The news I got that day was that my good friend’s seven-year-old son had died suddenly in Victoria the day before.  This little boy had been a part of my extended family since his birth.   The news completely devastated me, as it did everyone who knew this boy and his family- very dear friends of mine.

I remember waking up early in the morning, crawling into the antique clawfoot bath, looking out the skylight window at the sky and clouds and crying in disbelief.

It’s one thing to leave a place you love, with the idea of returning one day to a world that is unchanged; it’s another thing to realise that you will never see again someone who you love very deeply.  The excitement and joy of setting up shop in Montreal co-existed with this parallel sense of tragedy and confusion.  Sometimes we have to hold it all together by holding an almost scared space inside for both aspects of our circumstances, the losses and the possibilities.


This last year, I have decided to travel by train rather than fly, back and forth between the two ends of the country. I have been flying around for years, a practice that I find, for some reason, really emphasizes the distance and disparate nature of living outstretched across a huge country.    I love to just sit on the train looking out the window at the countryside as it passes by. I love knowing that these two places that I have always seen as disjunctive have an actual continuity, that they are linked by a real, living landscape.  This is integration: Joining two worlds into one whole life, where memories, not just landscapes, have a continuity and an integration also.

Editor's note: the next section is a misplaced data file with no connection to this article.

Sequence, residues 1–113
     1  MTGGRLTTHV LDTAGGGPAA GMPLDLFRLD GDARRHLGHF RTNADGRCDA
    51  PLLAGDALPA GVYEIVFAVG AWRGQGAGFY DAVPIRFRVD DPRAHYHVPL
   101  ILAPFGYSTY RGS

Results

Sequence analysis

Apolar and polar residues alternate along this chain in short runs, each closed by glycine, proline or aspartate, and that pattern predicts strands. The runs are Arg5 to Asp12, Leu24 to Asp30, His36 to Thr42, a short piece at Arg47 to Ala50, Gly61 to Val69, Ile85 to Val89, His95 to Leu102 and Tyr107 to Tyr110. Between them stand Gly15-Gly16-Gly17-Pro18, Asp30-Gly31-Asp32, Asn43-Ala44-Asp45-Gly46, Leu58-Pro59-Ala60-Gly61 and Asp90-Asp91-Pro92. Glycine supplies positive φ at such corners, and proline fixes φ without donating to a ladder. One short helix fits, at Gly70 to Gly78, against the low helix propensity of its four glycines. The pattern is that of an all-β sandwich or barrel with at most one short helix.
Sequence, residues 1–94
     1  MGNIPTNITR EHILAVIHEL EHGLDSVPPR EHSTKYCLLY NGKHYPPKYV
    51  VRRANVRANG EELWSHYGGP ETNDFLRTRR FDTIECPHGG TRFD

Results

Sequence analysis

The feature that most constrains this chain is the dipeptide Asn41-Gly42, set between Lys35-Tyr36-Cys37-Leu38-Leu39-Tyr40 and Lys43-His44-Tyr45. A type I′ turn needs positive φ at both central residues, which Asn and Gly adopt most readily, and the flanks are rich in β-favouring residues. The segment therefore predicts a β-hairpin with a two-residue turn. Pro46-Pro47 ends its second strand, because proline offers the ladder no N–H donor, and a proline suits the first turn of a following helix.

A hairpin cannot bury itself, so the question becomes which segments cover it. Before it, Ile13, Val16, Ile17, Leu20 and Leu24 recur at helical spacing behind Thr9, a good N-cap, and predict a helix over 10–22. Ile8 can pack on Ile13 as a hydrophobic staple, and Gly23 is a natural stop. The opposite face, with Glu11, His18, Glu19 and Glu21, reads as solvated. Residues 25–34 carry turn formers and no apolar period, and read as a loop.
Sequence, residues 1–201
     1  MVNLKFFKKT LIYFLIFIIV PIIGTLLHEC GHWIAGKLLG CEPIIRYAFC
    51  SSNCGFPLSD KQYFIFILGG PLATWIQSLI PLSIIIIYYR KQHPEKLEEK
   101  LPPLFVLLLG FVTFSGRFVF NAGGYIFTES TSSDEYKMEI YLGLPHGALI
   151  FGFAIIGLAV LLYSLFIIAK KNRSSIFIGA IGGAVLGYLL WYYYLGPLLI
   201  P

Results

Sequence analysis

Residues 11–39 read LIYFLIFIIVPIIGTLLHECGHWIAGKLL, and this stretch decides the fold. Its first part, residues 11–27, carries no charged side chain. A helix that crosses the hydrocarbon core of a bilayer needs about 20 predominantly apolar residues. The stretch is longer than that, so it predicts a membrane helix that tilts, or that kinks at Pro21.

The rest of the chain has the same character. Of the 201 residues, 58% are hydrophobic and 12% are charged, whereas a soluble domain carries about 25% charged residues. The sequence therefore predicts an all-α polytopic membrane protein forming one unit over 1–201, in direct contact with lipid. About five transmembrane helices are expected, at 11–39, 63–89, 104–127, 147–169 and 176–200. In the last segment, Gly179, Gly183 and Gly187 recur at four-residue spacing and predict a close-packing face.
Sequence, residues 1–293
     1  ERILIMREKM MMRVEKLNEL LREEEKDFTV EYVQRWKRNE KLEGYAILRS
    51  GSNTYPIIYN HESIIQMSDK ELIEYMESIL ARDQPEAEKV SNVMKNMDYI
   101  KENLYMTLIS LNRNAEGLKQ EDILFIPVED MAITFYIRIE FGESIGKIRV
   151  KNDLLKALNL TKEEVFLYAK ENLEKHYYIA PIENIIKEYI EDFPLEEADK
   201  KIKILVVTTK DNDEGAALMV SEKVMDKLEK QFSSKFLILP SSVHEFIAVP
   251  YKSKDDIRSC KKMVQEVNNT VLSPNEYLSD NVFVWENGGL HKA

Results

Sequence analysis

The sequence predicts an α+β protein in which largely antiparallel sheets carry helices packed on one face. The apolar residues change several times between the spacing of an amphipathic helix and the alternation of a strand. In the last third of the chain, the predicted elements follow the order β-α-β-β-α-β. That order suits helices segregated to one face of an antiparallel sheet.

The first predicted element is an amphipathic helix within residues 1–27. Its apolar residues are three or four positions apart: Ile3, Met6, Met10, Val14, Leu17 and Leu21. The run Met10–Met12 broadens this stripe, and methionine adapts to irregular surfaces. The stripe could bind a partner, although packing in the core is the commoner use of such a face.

As one friend of mine who just stopped by the library today while I was writing this told me, “It’s very difficult to have two lovers.  I’ve done it before and my life was a mess!”

What he meant was that when we live between two places, we might as well be juggling two lovers.  In some senses, the lack of commitment makes things safer and easier. It’s so easy just to hover on the surface with the knowledge that when the going gets tough there is always somewhere else to go.  And what happens if we just stay?

What if we didn’t only celebrate eating locally, but living and loving locally also?  One thing I know for sure is that this is a beautiful place to eat, live and love, at least that’s what these Swans swimming in the Fulford Harbour told me earlier this week: 

I have been reading the amazing writings of Buddhist Psychotherapist David Richo, who has some great insights on grief work and integration.  I love this quote: “In this moment of serene compassion, I lay to rest any complaint, blame or regret. I say yes unconditionally to all the conditions under which I live. I appreciate them as providing just the lessons I need to learn. I feel affection for myself and for all those who walked the path with me. I allow myself to go on as of now, without fear or clinging to the past or to any of its seductions or distractions. I line up all that has happened and simply say ‘Oh, that happened. Now what?’  […]  May I and all those I have known become enlightened because of all that we went through together.”